Washington State University Gets Schooled In Data Security
This year, Washington State University learned a hard lesson in Data Security 101. It was recently revealed that the university discovered a significant breach on April 21st, 2017. But WSU kept quiet about the crime until June 9th, when they began mailing out letters to the affected parties. Turns out, over a million individuals had their personal information stolen!
So, why did WSU stay tight-lipped for 7 weeks? The college’s rationale behind the delay was that they needed time to consult local authorities and launch an internal investigation. Keep reading to discover which details were finally revealed by WSU’s president, Kirk H. Schulz.
Personal Data Stolen from One Million Affiliates
What exactly happened during the WSU security breach? Well, an 85-pound hard drive was stolen from a university storage unit in Olympia, WA. Within that drive, full names, social security numbers, and some medical information were stored for about 1,000,000 affiliates. Needless to say, this personal data could be used for malicious purposes, including identity theft and impersonation.
Thus far, Washington State University reports there’s no evidence the data has been accessed. However, the college’s VP of communications, Phil Weiler, reminded the public that this theft wasn’t a “quick smash and grab” operation. A lot of effort went into tampering with the storage center’s lock, meaning the criminal may have known the hard drive’s contents. As of June 18, no charges or arrests were pending in this case.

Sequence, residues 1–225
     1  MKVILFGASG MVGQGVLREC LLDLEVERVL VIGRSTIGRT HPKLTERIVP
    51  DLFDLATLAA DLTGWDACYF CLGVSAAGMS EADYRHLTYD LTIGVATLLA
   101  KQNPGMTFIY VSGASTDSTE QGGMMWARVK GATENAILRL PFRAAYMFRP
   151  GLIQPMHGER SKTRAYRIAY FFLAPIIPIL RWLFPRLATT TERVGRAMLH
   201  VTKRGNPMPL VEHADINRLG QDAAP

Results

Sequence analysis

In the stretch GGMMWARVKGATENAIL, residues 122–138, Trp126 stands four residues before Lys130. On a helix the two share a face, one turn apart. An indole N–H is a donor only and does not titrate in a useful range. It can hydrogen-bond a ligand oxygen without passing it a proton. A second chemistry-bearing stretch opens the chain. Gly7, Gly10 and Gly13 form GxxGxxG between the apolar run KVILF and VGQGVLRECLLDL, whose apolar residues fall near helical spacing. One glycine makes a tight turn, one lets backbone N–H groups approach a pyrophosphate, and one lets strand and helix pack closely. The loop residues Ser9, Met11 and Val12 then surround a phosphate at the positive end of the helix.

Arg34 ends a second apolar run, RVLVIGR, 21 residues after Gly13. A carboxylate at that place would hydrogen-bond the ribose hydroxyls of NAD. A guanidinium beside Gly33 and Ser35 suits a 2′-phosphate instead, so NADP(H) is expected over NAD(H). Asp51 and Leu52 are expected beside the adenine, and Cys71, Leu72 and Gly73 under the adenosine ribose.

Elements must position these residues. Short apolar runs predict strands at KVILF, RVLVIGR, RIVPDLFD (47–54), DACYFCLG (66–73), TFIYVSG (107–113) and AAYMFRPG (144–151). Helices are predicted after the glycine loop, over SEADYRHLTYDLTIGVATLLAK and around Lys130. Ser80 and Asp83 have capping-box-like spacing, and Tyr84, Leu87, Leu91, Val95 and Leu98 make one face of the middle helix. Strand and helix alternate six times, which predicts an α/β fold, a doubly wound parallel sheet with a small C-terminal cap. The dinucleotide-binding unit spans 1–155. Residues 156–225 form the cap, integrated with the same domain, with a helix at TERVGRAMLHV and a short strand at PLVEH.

WSU’s Plans for Cleaning Up the Messy Aftermath
So, what is Washington State University doing to help those affected individuals? In an official statement, the college’s president, Kirk H. Schulz announced that free credit monitoring and protection measures against identity theft were being offered. There’s also a dedicated hotline that worried students, alumni, and citizens can call. Schulz’s apology also briefly detailed the measures that WSU was taking to improve their data security, including looking into the IT department’s practices and how employees are taught to handle data.
WSU’s committed approach to implementing damage control is inspiring. Indeed, their actions, aside from waiting so long to inform the victims, are a decent blueprint for how businesses and institutions should behave after a security breach. Many readers, however, may agree that better preventative measures should be taken beforehand. Prevention is more cost effective in the long run, as opposed to the expense, the inconvenience, and the loss of trust caused by data breaches.
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